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digitalmars.D.learn - val.init

reply Nick Sabalausky <SeeWebsiteToContactMe semitwist.com> writes:
I thought variable.init was different from T.init and gave the value of
the explicit initializer if one was used. Was I mistaken?:

import std.stdio;
void main()
{
	int a = 5;
	writeln(a.init); // Outputs 0, not 5
}
Oct 01 2013
next sibling parent Jacob Carlborg <doob me.com> writes:
On 2013-10-02 04:10, Nick Sabalausky wrote:
 I thought variable.init was different from T.init and gave the value of
 the explicit initializer if one was used. Was I mistaken?:
Yes. -- /Jacob Carlborg
Oct 01 2013
prev sibling next sibling parent "monarch_dodra" <monarchdodra gmail.com> writes:
On Wednesday, 2 October 2013 at 02:10:35 UTC, Nick Sabalausky 
wrote:
 I thought variable.init was different from T.init and gave the 
 value of
 the explicit initializer if one was used. Was I mistaken?:

 import std.stdio;
 void main()
 {
 	int a = 5;
 	writeln(a.init); // Outputs 0, not 5
 }
AFAIK "variable.init" just triggers the "static call through instance" mechanic: The *variable* a doesn't actually have .init, so the call resolves to "int.init".
Oct 02 2013
prev sibling next sibling parent reply Sean Kelly <sean invisibleduck.org> writes:
On Oct 1, 2013, at 7:10 PM, Nick Sabalausky =
<SeeWebsiteToContactMe semitwist.com> wrote:

 I thought variable.init was different from T.init and gave the value =
of
 the explicit initializer if one was used. Was I mistaken?:
=20
 import std.stdio;
 void main()
 {
 	int a =3D 5;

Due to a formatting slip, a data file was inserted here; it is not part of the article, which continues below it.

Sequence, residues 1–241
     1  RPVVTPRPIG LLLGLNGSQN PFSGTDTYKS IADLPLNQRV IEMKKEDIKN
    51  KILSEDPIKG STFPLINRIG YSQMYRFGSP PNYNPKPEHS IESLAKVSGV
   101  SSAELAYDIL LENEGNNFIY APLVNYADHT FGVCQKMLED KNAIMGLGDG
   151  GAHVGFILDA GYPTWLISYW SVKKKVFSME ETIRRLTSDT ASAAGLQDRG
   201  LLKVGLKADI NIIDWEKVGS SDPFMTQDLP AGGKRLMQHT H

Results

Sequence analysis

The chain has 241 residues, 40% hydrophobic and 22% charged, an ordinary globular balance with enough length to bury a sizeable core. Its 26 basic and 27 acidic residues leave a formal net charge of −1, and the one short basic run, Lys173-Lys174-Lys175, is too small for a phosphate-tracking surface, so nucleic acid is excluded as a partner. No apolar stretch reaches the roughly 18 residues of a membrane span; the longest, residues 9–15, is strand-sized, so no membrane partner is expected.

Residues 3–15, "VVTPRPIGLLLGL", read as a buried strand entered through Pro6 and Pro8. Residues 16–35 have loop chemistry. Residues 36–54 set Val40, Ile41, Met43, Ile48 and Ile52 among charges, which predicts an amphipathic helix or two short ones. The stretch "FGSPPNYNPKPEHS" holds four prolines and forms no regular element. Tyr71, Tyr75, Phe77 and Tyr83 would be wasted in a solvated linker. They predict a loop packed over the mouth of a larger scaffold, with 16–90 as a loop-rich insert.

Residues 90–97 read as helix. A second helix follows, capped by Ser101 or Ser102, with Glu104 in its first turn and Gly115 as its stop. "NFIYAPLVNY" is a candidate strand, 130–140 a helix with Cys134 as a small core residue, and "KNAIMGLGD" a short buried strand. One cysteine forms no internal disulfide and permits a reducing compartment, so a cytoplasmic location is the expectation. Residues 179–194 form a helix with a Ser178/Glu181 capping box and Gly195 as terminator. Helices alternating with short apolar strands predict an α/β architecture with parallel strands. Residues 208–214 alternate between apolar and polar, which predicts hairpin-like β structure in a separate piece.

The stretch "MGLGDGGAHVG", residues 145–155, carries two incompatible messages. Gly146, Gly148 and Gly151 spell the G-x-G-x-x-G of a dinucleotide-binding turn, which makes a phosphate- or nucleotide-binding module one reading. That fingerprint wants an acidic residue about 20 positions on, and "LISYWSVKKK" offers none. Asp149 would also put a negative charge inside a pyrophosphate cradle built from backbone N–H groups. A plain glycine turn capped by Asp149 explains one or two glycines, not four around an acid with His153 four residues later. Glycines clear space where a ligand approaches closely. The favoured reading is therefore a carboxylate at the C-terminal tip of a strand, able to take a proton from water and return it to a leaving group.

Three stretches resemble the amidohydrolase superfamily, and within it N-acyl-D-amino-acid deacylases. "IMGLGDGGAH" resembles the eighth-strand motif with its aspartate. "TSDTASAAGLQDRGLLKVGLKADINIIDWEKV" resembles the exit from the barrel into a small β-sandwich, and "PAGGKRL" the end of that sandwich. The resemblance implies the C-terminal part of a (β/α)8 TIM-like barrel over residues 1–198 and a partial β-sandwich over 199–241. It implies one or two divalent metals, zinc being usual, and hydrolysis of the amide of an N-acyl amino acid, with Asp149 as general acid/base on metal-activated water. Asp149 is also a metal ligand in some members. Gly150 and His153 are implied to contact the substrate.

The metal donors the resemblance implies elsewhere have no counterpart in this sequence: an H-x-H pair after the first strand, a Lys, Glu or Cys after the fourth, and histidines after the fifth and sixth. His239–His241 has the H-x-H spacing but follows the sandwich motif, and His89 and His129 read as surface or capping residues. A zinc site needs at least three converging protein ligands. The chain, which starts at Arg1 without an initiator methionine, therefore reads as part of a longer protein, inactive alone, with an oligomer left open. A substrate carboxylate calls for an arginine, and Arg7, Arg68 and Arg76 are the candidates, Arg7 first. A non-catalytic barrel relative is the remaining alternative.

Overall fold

writeln(a.init); // Outputs 0, not 5
 }
I think it used to work roughly this way but was changed=85 um=85 maybe = 2 years ago?
Oct 02 2013
parent Jacob Carlborg <doob me.com> writes:
On 2013-10-02 19:54, Sean Kelly wrote:

 I think it used to work roughly this way but was changedů umů maybe 2 years
ago?
It has worked like this for as long as I can remember. I've been using D for 6-7 years. -- /Jacob Carlborg
Oct 02 2013
prev sibling parent reply "Rene Zwanenburg" <renezwanenburg gmail.com> writes:
On Wednesday, 2 October 2013 at 02:10:35 UTC, Nick Sabalausky 
wrote:
 I thought variable.init was different from T.init and gave the 
 value of
 the explicit initializer if one was used. Was I mistaken?:

 import std.stdio;
 void main()
 {
 	int a = 5;
 	writeln(a.init); // Outputs 0, not 5
 }
Not exactly. The spec does mention something similar regarding a typedef [1]. Since typedef is deprecated I've never used it, but IIRC it's effect is similar to defining a struct with a single member. From this point of view it makes sense the init of a typedef'ed primitive type is not necessarily equal to that primitive type's init, since struct A { int i = 5; } void main() { writeln(A.init.i); } prints 5. [1] http://dlang.org/property#init
Oct 03 2013
parent Nick Sabalausky <SeeWebsiteToContactMe semitwist.com> writes:
On Thu, 03 Oct 2013 11:59:05 +0200
"Rene Zwanenburg" <renezwanenburg gmail.com> wrote:
 
 struct A { int i = 5; }
 void main() { writeln(A.init.i); }
 
 prints 5.
 
Ahh, ok, I think that's what confused me.
Oct 06 2013